The `Anti-Exceptionalism About Logic’ project just had its first official workshop, entitled `Logic as science‘. We had great talks and helpful discussions, but also excellent company. We are very grateful to all the speakers for their contributions, and not least to everyone else who came along from the department and elsewhere.
Most likely the workshop talks will result in a special issue on anti-exceptionalism. I will post more information later.
The Faculty of Humanities of the University of Bergen has awarded me the Young Researcher Award for 2016. It’s wonderful news, and I’m very happy to have been nominated by my great colleagues in the philosophy department.
There is an announcement here (so far only in Norwegian).
On August 14th, the Faculty of Humanities welcomed the new 2016 students. I gave a short speech about what we hope to teach our students in the philosophy preparation course, Examen Philosophicum. The theme I chose was how to detect bullshit, in reference to Harry Frankfurt’s famous essay On Bullshit.
Pilar Terrés, a PhD student from Universitat de Barcelona, is visiting the University of Bergen in the autumn semester. Pilar is writing about one of my favourite topics: logical pluralism and proof theory. She’s giving a talk in the department seminar on September 22nd.
The University of Bergen has advertised a PhD fellowship attached to my project: Anti-Exceptionalism About Logic. The position is for 3 years, but may be extended to a fourth year with teaching duties. Starting salary is NOK 430 200 per year, and the Norwegian government also offers very favourable benefits.
The job ad with details can be found here. Deadline: 10 June 2016.
Applicants must have an MA in philosophy (or equivalent in logic or other relevant subject). Norwegian language skills are not required.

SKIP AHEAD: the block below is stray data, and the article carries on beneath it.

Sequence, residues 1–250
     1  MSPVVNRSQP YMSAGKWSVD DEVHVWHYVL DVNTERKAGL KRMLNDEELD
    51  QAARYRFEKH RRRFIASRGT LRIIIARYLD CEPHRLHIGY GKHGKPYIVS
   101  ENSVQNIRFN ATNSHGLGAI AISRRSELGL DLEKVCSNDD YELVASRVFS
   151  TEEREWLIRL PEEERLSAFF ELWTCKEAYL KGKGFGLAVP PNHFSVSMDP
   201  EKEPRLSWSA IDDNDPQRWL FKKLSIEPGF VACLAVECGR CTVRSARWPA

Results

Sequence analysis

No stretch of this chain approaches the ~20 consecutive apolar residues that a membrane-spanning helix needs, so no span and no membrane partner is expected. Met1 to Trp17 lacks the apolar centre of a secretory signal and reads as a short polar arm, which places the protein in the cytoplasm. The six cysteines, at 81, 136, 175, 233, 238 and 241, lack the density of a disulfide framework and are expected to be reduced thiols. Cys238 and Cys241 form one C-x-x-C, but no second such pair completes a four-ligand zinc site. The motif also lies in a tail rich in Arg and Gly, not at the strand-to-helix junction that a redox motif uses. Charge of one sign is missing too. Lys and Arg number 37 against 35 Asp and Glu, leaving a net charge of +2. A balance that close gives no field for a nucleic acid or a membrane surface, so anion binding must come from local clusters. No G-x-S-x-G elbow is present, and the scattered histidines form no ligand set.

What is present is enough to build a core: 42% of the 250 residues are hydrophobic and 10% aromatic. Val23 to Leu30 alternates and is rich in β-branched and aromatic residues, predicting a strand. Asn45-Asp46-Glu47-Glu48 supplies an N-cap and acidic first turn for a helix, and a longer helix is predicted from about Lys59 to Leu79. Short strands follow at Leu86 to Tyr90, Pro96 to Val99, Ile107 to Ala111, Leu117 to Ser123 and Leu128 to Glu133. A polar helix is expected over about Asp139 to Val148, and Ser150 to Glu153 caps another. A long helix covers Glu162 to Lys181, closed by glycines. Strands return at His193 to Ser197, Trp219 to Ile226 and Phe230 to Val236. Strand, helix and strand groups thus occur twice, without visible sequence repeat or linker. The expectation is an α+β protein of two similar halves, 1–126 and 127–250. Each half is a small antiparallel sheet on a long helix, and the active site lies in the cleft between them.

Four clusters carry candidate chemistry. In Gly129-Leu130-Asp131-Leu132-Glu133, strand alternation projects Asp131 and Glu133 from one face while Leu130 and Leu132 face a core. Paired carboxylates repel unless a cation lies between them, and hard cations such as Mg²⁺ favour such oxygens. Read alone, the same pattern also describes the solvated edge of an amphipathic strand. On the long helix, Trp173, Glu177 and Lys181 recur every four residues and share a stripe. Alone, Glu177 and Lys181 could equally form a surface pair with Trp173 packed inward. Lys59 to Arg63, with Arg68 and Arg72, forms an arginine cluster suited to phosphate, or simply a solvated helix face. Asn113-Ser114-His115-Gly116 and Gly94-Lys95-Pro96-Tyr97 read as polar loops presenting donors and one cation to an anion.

You can find further details about the project in the project description. Please do get in touch with me if you have questions about the project and the department in general. For questions about the applications procedure, please contact the Head of Department.
Dave Ripley and I are organizing a special session on formal theories of truth at the Logic Colloquium this year. The colloquium is in Leeds, July 31st to August 6th, and the deadline for early registration is tomorrow! (May 15th)
- Theodora Achourioti – Amsterdam University College
- Roy Cook – University of Minnesota
- Volker Halbach – University of Oxford
- Lavinia Picollo – MCMP, LMU Munich
Don’t miss it! Let me know if you’re going to be there. Check out the programme here.
On April 18th Jesse (my partner) and I had a daughter. Her name is Hedda, and so far her favourite things include bouncing, nighttime, and animal sounds. I’ve already got a parenting role model in mind.
Here is an abstract:
Logic isn’t special. Its theories are continuous with science; its method continuous with scientific method. Logic isn’t a priori, nor are its truths analytic truths. Logical theories are revisable, and if they are revised, they are revised on the same grounds as scientific theories. These are the tenets of anti-exceptionalism about logic. The position is most famously defended by Quine, but has more recent advocates in Maddy (2002), Priest (2006a; 2014), Russell (2014; 2015), and Williamson (2013b; 2015). Although these authors agree on many methodological issues about logic, they disagree about which logic anti-exceptionalism supports. Williamson, following Quine and Maddy, gives an anti-exceptionalist argument for classical logic, while Priest gives an anti-exceptionalist argument for nonclassical logic. This paper aims to show that both are wrong. By rejecting Williamson’s deflationary account of logical theories, we will undercut his abductive argument for classical logic. Instead an alternative account of logical theories is offered, on which logical pluralism is a plausible supplement to anti-exceptionalism.